Stephen F. Cohen is an American scholar who knows Russia and teaches Russian studies at New York University. He writes about Russia, too, and his articles appear in The Nation. He also happens to be married to Katrina vanden Heuvel, The Nation's editor.
Cohen attracted some attention recently with an article The Nation published, titled, Distorting Russia, How the American media misrepresent Putin, Sochi and Ukraine. It comes as a surprise to see a purported liberal writing for a Progressive magazine as an ardent defender of Vladimir Putin. Cohen says Putin has been treated unfairly.
Today he appeared on Democracy Now! for a long interview with Amy Goodman and Juan González. By coincidence, I had just been chastised for expressing some doubt about Goodman's show lately. And there was Cohen, Putin's biggest fan, but what was he doing on Democracy Now!?
I don't think of myself as having knee-jerk opinions. I like to dig deep into details to learn more about political issues than what's readily available. My opinions on every subject aren't written in stone. I can absorb new information and admit when I'm wrong.
But how am I supposed to figure out Cohen on Putin? Remember, it's the tea party Bolsheviks who love Putin, the ex-KGB agent who demonizes gays, and pushes traditional values, a term that leaves plenty of room for political repression and bigotry.
I listened to the interview anyway. It's mainly about the grim situation in Ukraine. I posted a diary about the situation there a couple of weeks ago after a phone call between Victoria Nuland, Assistant Secretary of State for European Affairs, and Geoffrey R. Pyatt, US Ambassador to Ukraine, was mysteriously intercepted and the recorded conversation was released to the public. Summing up the discussion between between Nuland and Pyatt, I commented:
|"it came out that “Fuck the EU,” is now an element of US foreign policy."
It comes at the 16 minute mark in the video below.
While Cohen has some interesting observations, I didn't get the impression that Nuland and Pyatt were discussing plans for a coup. To me, it seemed that they were talking about the possibility of Arseniy Yatseniuk taking a position in the Yanukovych government while excluding the other two opposition leaders they mentioned.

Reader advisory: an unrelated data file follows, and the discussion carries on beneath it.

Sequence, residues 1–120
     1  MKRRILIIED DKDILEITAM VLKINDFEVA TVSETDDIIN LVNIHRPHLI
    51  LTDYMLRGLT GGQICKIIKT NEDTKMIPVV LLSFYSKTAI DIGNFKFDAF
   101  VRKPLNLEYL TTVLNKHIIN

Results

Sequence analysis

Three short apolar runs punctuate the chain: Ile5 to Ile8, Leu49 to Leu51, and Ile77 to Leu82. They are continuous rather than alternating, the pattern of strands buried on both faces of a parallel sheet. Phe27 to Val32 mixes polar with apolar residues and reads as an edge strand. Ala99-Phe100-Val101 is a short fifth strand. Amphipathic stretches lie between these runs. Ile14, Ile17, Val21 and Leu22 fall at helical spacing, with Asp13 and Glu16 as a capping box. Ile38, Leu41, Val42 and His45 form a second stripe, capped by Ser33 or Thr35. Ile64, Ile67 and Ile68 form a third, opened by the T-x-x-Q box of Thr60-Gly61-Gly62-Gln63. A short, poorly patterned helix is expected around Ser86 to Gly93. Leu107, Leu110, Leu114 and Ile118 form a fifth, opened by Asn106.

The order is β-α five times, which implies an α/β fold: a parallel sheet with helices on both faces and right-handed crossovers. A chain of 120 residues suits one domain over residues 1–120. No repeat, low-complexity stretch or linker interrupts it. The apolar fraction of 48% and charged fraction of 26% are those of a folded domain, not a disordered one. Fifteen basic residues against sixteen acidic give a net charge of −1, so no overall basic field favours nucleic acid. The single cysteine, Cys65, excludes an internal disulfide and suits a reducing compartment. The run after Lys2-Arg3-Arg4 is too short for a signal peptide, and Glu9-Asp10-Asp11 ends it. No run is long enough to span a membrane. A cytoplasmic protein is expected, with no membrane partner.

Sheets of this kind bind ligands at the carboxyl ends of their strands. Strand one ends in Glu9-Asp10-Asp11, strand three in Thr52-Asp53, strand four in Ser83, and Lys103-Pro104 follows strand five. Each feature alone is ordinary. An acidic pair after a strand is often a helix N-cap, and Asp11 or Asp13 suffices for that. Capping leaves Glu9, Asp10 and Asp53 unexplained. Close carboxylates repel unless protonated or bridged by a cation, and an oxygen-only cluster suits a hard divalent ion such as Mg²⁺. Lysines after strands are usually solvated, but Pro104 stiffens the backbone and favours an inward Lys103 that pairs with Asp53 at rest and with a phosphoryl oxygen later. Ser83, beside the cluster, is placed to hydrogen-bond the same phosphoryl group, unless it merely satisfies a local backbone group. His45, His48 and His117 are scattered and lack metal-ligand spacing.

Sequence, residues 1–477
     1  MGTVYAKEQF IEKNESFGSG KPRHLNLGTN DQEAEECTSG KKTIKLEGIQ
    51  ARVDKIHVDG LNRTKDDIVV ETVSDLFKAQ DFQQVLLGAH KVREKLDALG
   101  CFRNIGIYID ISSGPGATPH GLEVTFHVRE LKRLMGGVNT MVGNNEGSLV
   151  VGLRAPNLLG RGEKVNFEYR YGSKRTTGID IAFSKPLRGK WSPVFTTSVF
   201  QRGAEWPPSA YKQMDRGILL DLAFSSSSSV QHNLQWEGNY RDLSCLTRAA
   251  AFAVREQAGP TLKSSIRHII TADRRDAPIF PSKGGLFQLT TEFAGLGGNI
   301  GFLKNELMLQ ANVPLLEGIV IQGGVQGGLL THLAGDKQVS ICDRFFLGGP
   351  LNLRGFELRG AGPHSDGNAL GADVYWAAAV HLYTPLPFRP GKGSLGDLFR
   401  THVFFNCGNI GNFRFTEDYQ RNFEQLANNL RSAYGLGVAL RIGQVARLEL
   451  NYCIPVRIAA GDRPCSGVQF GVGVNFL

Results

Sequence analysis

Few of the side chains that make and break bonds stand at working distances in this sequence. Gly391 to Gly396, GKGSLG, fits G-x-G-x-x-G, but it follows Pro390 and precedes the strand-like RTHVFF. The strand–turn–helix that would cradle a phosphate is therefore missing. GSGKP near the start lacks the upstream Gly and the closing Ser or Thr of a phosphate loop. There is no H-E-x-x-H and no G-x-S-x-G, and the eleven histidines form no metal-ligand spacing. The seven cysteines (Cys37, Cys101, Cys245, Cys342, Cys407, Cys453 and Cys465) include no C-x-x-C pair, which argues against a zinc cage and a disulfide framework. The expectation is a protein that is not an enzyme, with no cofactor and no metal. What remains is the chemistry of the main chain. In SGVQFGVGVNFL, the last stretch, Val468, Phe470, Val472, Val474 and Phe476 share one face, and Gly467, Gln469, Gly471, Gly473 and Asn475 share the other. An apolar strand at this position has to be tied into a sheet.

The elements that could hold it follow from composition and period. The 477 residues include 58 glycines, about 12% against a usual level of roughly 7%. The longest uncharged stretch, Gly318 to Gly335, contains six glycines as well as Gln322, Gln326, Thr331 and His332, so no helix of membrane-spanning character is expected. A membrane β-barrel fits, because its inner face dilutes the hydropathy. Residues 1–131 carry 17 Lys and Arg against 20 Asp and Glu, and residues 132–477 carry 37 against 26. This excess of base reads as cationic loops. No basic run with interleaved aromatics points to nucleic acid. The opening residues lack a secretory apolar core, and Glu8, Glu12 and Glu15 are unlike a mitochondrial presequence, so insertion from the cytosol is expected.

The recorded conversation was heard by many people and no one else has suggested that a coup was in the works till today. If anyone else is interested in having a listen to the intercepted phone call, here it is. A transcript of the conversation is below.
Pyatt: I think we're in play. The Klitschko [Vitaly Klitschko, one of three main opposition leaders] piece is obviously the complicated electron here. Especially the announcement of him as deputy prime minister and you've seen some of my notes on the troubles in the marriage right now so we're trying to get a read really fast, on where he is on this stuff. But I think your argument to him, which you'll need to make, I think that's the next phone call you want to set up, is exactly the one you made to Yats [Arseniy Yatseniuk, another opposition leader]. And I'm glad you sort of put him on the spot on where he fits in this scenario. And I'm very glad that he said what he said in response.
Nuland: Good. I don't think Klitsch should go into the government. I don't think it's necessary, I don't think it's a good idea.